Tobin, though innocent, has pled guilty to treason, sacrificing his own honor and future in order to protect the life of his little brother. Disinherited and disgraced, Tobin is offered an opportunity for regaining his good name and, at the same time, saving the people of the Realm:
" 'If I bring down their leader, what will the goblins do?'
" 'If they were human, they'd probably thank you. But goblins are completely mercenary--they never do anything except for payment, or to avoid punishment. Once her hold over them is broken, they'll probably just run off...'
"Tobin drew a deep breath, his gaze wandering over the map, chest, stone, and charm. 'Isn't there any other way?'
"Master Lazur shook his head. 'The barbarians are coming. We have no place to go except north. They have no place to come except here. There is nothing in this world I would not sacrifice to get the Bright Realm behind the goblin wall in time. How high do you weigh the life of a sorceress, one who has killed again and again, against the survival of this whole realm?'
"Tobin's finger traced the river curve that marked his home. He couldn't imagine living in the woodlands, but he'd seen the barbarian armies for himself. Master Lazer was silent, letting him figure it out. Tobin didn't like it, but surely the priest was right. How many knights, men Tobin knew and respected, had already died? If it would end the war, save the whole realm, then the life of one sorceress was a cheap price to pay."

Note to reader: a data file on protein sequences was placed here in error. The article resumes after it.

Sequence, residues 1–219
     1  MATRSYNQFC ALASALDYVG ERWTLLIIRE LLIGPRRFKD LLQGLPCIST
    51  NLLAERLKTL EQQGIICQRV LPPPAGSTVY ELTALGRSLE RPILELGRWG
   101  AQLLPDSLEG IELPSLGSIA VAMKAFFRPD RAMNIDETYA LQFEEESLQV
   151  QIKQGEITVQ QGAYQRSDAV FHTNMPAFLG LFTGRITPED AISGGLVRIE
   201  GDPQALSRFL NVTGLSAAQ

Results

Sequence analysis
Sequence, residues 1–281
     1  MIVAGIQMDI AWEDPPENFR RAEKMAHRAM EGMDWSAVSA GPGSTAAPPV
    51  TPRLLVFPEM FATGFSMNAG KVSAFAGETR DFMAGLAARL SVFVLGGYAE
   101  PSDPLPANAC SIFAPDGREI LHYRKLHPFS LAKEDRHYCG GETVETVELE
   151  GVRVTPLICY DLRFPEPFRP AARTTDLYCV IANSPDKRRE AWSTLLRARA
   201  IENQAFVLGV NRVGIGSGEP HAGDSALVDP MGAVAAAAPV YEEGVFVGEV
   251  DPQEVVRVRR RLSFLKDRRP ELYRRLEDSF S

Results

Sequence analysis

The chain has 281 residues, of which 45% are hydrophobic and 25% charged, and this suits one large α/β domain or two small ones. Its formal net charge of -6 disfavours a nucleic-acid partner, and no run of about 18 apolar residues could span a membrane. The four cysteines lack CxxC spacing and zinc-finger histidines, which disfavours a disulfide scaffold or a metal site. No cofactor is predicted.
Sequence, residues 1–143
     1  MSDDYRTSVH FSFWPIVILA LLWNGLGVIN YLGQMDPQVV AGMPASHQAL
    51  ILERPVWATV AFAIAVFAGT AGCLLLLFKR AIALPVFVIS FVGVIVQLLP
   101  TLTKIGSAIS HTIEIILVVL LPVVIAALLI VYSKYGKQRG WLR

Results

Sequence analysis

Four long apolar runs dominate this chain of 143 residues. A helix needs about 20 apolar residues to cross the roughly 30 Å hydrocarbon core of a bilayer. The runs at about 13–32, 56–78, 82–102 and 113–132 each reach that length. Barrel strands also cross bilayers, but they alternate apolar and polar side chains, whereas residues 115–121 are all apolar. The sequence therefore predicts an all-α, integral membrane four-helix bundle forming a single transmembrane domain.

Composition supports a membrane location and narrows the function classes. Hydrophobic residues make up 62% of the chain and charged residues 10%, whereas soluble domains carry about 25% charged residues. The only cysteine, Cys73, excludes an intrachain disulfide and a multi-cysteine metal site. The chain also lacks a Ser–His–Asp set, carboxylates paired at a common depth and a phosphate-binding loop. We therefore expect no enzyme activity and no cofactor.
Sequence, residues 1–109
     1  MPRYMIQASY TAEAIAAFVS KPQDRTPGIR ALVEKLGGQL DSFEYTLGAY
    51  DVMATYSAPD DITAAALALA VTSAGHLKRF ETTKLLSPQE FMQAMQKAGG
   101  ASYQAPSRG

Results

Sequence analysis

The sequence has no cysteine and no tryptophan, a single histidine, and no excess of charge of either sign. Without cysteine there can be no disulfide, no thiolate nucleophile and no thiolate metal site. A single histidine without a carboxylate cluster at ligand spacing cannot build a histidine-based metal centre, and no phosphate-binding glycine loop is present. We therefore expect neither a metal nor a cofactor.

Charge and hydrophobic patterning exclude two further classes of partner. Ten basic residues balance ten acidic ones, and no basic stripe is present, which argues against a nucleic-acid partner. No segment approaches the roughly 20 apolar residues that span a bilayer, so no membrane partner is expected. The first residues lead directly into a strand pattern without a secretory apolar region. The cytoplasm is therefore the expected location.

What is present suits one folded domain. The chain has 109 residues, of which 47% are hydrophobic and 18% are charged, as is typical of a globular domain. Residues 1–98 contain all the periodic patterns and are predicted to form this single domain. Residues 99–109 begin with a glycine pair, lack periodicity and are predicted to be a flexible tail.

But we know that "sorceress" whom he's being asked to "eliminate" is the young hedgewitch Makenna.
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5 of 5 people found the following review helpful By Spy Groove on October 21, 2004
Format: Hardcover
I can not say what exactly makes this book different from any fantasy I've ever read. The description was vivid, even the tiniest details of reaction/thought which are usually not mentioned in this kind of story, can take you back to reality but somehow managed to keep your environment with the goblins which sound a bit odd to you maybe but it happened to me.

Maybe the way Ms. Bell building her character and situation that was easily accepted and consistent throughout the book. The politics reasons in conflict with the goblins' was so well developed that you can not just say right or wrong about each side. This book really show you how it was like to have something in the middle, when everything has its own right and wrong. Yet all was told in not-so-flourish language.